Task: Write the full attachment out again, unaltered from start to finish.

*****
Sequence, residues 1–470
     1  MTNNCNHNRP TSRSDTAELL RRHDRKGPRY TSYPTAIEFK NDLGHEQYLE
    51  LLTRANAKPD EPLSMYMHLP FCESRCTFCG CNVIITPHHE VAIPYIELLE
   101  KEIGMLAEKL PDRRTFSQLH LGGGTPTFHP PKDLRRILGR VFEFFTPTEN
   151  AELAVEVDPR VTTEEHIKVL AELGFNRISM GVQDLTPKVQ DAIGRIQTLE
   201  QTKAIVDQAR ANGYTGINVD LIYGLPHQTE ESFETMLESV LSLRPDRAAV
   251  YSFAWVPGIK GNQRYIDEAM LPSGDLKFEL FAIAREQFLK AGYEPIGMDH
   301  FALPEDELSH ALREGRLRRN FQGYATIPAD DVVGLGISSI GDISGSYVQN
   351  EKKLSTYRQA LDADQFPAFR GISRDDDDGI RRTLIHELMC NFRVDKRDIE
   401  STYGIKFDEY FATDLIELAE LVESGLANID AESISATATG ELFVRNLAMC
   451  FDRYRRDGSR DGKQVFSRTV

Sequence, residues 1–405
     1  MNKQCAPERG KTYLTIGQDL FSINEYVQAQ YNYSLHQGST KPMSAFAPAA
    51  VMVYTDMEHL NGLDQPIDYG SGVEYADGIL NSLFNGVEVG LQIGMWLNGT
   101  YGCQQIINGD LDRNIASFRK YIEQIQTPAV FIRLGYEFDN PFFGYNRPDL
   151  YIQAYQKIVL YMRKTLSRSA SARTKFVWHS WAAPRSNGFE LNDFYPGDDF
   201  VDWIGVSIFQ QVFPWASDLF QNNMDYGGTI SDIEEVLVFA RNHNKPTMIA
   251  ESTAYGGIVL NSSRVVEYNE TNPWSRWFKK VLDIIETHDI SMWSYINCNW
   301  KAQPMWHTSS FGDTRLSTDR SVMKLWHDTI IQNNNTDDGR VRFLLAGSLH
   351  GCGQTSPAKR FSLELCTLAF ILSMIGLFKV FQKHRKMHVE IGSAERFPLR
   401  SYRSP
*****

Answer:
Sequence, residues 1–470
     1  MTNNCNHNRP TSRSDTAELL RRHDRKGPRY TSYPTAIEFK NDLGHEQYLE
    51  LLTRANAKPD EPLSMYMHLP FCESRCTFCG CNVIITPHHE VAIPYIELLE
   101  KEIGMLAEKL PDRRTFSQLH LGGGTPTFHP PKDLRRILGR VFEFFTPTEN
   151  AELAVEVDPR VTTEEHIKVL AELGFNRISM GVQDLTPKVQ DAIGRIQTLE
   201  QTKAIVDQAR ANGYTGINVD LIYGLPHQTE ESFETMLESV LSLRPDRAAV
   251  YSFAWVPGIK GNQRYIDEAM LPSGDLKFEL FAIAREQFLK AGYEPIGMDH
   301  FALPEDELSH ALREGRLRRN FQGYATIPAD DVVGLGISSI GDISGSYVQN
   351  EKKLSTYRQA LDADQFPAFR GISRDDDDGI RRTLIHELMC NFRVDKRDIE
   401  STYGIKFDEY FATDLIELAE LVESGLANID AESISATATG ELFVRNLAMC
   451  FDRYRRDGSR DGKQVFSRTV

Sequence, residues 1–405
     1  MNKQCAPERG KTYLTIGQDL FSINEYVQAQ YNYSLHQGST KPMSAFAPAA
    51  VMVYTDMEHL NGLDQPIDYG SGVEYADGIL NSLFNGVEVG LQIGMWLNGT
   101  YGCQQIINGD LDRNIASFRK YIEQIQTPAV FIRLGYEFDN PFFGYNRPDL
   151  YIQAYQKIVL YMRKTLSRSA SARTKFVWHS WAAPRSNGFE LNDFYPGDDF
   201  VDWIGVSIFQ QVFPWASDLF QNNMDYGGTI SDIEEVLVFA RNHNKPTMIA
   251  ESTAYGGIVL NSSRVVEYNE TNPWSRWFKK VLDIIETHDI SMWSYINCNW
   301  KAQPMWHTSS FGDTRLSTDR SVMKLWHDTI IQNNNTDDGR VRFLLAGSLH
   351  GCGQTSPAKR FSLELCTLAF ILSMIGLFKV FQKHRKMHVE IGSAERFPLR
   401  SYRSP